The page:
It’s dangerous to put too much stock in an early April series, but what the Mets just accomplished in D.C. this weekend certainly sent shots over the Nationals’ bow. New York’s 6-5 win in 12 innings on Sunday night completed a three-game sweep against their arch rivals, but the way the Mets won was indicative of the way they’ve won all year: offensive resiliency and dominant relief pitching.
The game did not start all that well for the Amazins’, as after going scoreless in the top of the first, Matt Harvey wasn’t fooling anyone early on in his second start of 2018. Adam Eaton led off the Nationals’ first with a bullet ground out to first base and Anthony Rendon followed with a rocket up the middle for a single, although to be fair, second baseman Asdrubal Cabrera was in position to make the play and in all honestly should have. Mets’ nemesis and early NL MVP favorite Bryce Harper followed with a long home run into the Washington bullpen to put the home team up 2-0, but from there Harvey was able to stem the tide.
In the Mets’ half of the 3rd, Washington starter Tanner Roark pitched himself into a two out mess, walking Jay Bruce, Todd Frazier and Cabrera all consecutively, loading the bases for New York’s first baseman Adrian Gonzalez, who had been a three-pitch strikeout victim in his first AB. This time, however, the 35-year-old turned in a great piece of veteran hitting. After issuing three straight free passes, it was obvious Roark wanted to throw a strike and get ahead, and Gonzalez sat dead fastball, started early and got the barrel to the ball, crushing a long grand slam to put the Mets up 4-2 and seemingly sucking the wind out of Nationals Park.
Washington got one back in the fourth on a two-out run scoring double by catcher Pedro Severino, but indicative of the 2018 Mets, they responded immediately, pushing the lead back to two on a fifth inning solo homer from Cabrera.
In the bottom of the fifth, Harvey began to run out of steam, as a leadoff single from Harper and a walk to Matt Adams put him in immediate trouble. A 6-6-3 double play ground ball from Howie Kendrick was just what the doctor ordered, but shortstop Trea Turner plated Harper from third with a single, again cutting the Mets’ lead in half. Turner immediately stole second, a continuing problem for New York, although that’s a story for another day. The Mets then caught a break, as a swinging bunt from Michael Taylor found no man’s land on the right side of the infield, but Turner took too hard a turn around third base, and a heads up play from Gonzalez caught him in a run down between third and home, getting New York through five with a 5-4 advantage.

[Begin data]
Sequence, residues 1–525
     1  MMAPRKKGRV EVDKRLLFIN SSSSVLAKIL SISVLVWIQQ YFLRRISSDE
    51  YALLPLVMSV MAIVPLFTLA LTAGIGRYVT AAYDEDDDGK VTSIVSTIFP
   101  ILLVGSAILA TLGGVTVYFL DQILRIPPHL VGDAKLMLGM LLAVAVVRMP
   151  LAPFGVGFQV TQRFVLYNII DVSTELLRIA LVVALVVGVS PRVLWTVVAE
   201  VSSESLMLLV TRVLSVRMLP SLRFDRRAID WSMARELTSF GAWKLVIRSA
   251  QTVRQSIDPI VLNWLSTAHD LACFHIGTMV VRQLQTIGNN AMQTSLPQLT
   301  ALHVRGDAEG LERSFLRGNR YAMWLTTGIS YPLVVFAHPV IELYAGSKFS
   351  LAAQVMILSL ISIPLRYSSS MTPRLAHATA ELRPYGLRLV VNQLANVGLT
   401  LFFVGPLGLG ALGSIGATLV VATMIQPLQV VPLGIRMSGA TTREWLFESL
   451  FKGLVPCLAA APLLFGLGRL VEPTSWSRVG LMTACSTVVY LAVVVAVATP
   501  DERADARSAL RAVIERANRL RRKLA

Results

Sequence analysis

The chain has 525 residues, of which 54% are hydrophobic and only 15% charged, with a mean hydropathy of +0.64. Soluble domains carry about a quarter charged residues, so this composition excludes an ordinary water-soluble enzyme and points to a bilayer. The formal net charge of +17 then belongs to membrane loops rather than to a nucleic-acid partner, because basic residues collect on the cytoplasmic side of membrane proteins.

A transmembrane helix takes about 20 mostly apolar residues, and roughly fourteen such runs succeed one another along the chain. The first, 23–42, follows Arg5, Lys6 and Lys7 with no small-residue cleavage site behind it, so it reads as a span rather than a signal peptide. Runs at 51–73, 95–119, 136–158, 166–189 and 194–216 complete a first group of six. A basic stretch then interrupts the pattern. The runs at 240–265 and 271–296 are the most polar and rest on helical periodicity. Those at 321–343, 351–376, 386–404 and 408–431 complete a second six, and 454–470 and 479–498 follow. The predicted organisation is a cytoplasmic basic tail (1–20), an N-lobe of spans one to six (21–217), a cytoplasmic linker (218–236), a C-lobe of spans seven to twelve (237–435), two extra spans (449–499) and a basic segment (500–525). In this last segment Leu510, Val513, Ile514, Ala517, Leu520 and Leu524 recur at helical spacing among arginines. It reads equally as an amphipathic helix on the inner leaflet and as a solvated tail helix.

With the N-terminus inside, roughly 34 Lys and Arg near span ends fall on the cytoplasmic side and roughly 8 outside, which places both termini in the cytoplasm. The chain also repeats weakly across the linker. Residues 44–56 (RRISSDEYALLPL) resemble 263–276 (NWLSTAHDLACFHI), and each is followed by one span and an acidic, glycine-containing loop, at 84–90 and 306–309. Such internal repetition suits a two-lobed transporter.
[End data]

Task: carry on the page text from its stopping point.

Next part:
After two perfect innings of relief from the Nats’ bullpen to keep them within one, the home team took advantage, plating the tying run on a two-out hit from Taylor against Robert Gsellman, and from there the managerial chess match was on. The Mets used both righty A.J. Ramos and southpaw Jerry Blevins to get through the eighth, and after going down 1-2-3 against Washington closer Sean Doolittle in the ninth, Seth Lugo was tabbed to keep the Nationals off the board in the bottom of the frame, and push the game to extra innings. After an unintentional intentional walk to Harper to start the inning, Lugo made his task astronomically more difficult by throwing a pickoff attempt down the right field line, sending Harper to second with no one out. He took third on an Adams’ fly ball to center field, and Mets’ manager Mickey Callaway then invoked his most strategic decision yet, walking both Kendrick and Turner intentionally, to load the bases with one out and set-up a force at every base. In search of a double play, Lugo instead struck out both Taylor and Severino, ending the threat and pushing the momentum back to the New York dugout.
In the 10th, Washington brought in Sammy Solis in relief, and the lefty befuddled the Mets, striking out five in two innings of work, but Lugo was matching him pitch for pitch, going three scoreless himself, allowing only one hit and punching out three. In the 12th, New York finally broke through against the Nats’ relief corps, as after going 0-5 with three strikeouts prior to this at-bat, Yoenis Cespedes lined a run scoring single to put the Mets back on top.
After a five-out save on Saturday, it was obvious Callaway wanted to stay away from closer Jeurys Familia, and instead the skipper tabbed young Jacob Rhame, in search of his first career save, to attempt to close out the game and the series sweep. Rhame rewarded his manager’s confidence, and after a two-out double by Wilmer Difo put him in a little bit of trouble, Eaton grounded out to third to end the game.
The Mets have now won five in a row and raised their record to a National League best 7-1, and they’re in tremendous shape as they head to Miami, where they’ll send their top two pitchers, Noah Syndergaard and Jacob deGrom, to the hill the first two nights.
Photo credit: Geoff Burke – USA Today Sports